Time-lapse observation of branching morphogenesis of the lung bud epithelium in mesenchyme-free culture and its relationship with the localization of actin filaments

T. Miura, K. Shiota

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15 Citations (Scopus)

Abstract

It has been shown that branching morphogenesis of the lung bud is mediated by epithelial-mesenchymal interaction via such molecules as FGF10, BMP4 and Shh. However, a recent study showed that the isolated lung epithelium still undergoes branching morphogenesis in vitro even in the absence of mesenchyme (Nogawa and Ito, 1995). In the present study, we observed in vitro the dynamic movement of the isolated lung epithelium of the fetal mouse using time-lapse recording, and investigated the roles of actin filaments in branching of the lung bud. First, time-lapse observation of the initial phase of lung branching morphogenesis revealed that at the sites of cleft formation, the epithelial surface was retracted inward from its original position. From this observation we assumed that there should be some structures which exert a physical force on the epithelium, and the localization and arrangement of actin fibers in the cultured lung epithelium were examined at various stages of branching morphogenesis. At the prebudding (6 h) and onset-budding (24 h) stages, no specific localization of actin filaments was observed in the lung bud epithelium, but at the postbudding stage (48 h) they were localized densely in the cells at the tip of the branched lung epithelium. The cell density was not different between the tip and cleft regions of the lung bud epithelium. When cultured with FGF-soaked beads, an actin-rich region was induced at the tip of the lung bud which was growing toward an FGF-soaked bead. These results indicate that actin fibers do not play a significant part in cleft formation but can be secondarily induced by FGF in the surrounding matrix and play some roles at later shaping of the branch in lung morphogenesis.

Original languageEnglish
Pages (from-to)899-902
Number of pages4
JournalInternational Journal of Developmental Biology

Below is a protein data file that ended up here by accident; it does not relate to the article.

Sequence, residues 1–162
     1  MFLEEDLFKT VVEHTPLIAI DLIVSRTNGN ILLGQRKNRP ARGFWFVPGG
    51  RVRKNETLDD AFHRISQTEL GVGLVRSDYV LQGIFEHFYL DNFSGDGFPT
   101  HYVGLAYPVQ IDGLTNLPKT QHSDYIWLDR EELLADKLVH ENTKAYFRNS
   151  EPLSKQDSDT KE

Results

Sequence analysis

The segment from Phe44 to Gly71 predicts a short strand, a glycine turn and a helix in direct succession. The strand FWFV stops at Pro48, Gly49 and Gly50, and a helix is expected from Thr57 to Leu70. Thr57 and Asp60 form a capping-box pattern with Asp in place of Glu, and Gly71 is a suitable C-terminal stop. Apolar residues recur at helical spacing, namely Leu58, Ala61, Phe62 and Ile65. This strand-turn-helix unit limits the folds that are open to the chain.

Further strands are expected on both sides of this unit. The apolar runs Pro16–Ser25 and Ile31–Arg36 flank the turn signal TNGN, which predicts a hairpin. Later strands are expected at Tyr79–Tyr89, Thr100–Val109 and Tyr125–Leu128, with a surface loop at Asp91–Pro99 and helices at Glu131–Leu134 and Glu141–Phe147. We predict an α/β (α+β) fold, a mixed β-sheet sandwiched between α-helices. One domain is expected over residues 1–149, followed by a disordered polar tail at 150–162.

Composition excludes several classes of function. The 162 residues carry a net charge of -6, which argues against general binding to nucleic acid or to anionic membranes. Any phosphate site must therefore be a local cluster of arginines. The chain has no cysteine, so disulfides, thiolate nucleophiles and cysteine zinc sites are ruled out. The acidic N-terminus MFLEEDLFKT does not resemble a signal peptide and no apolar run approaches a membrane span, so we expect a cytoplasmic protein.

Volume44
Issue number8
Publication statusPublished - Dec 1 2000
Externally publishedYes

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Mesoderm
Actin Cytoskeleton
Morphogenesis
Epithelium
Observation
Lung
Actins
Cell Count

All Science Journal Classification (ASJC) codes

  • Embryology
  • Developmental Biology

Cite this

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abstract = "It has been shown that branching morphogenesis of the lung bud is mediated by epithelial-mesenchymal interaction via such molecules as FGF10, BMP4 and Shh. However, a recent study showed that the isolated lung epithelium still undergoes branching morphogenesis in vitro even in the absence of mesenchyme (Nogawa and Ito, 1995). In the present study, we observed in vitro the dynamic movement of the isolated lung epithelium of the fetal mouse using time-lapse recording, and investigated the roles of actin filaments in branching of the lung bud. First, time-lapse observation of the initial phase of lung branching morphogenesis revealed that at the sites of cleft formation, the epithelial surface was retracted inward from its original position. From this observation we assumed that there should be some structures which exert a physical force on the epithelium, and the localization and arrangement of actin fibers in the cultured lung epithelium were examined at various stages of branching morphogenesis. At the prebudding (6 h) and onset-budding (24 h) stages, no specific localization of actin filaments was observed in the lung bud epithelium, but at the postbudding stage (48 h) they were localized densely in the cells at the tip of the branched lung epithelium. The cell density was not different between the tip and cleft regions of the lung bud epithelium. When cultured with FGF-soaked beads, an actin-rich region was induced at the tip of the lung bud which was growing toward an FGF-soaked bead. These results indicate that actin fibers do not play a significant part in cleft formation but can be secondarily induced by FGF in the surrounding matrix and play some roles at later shaping of the branch in lung morphogenesis.",
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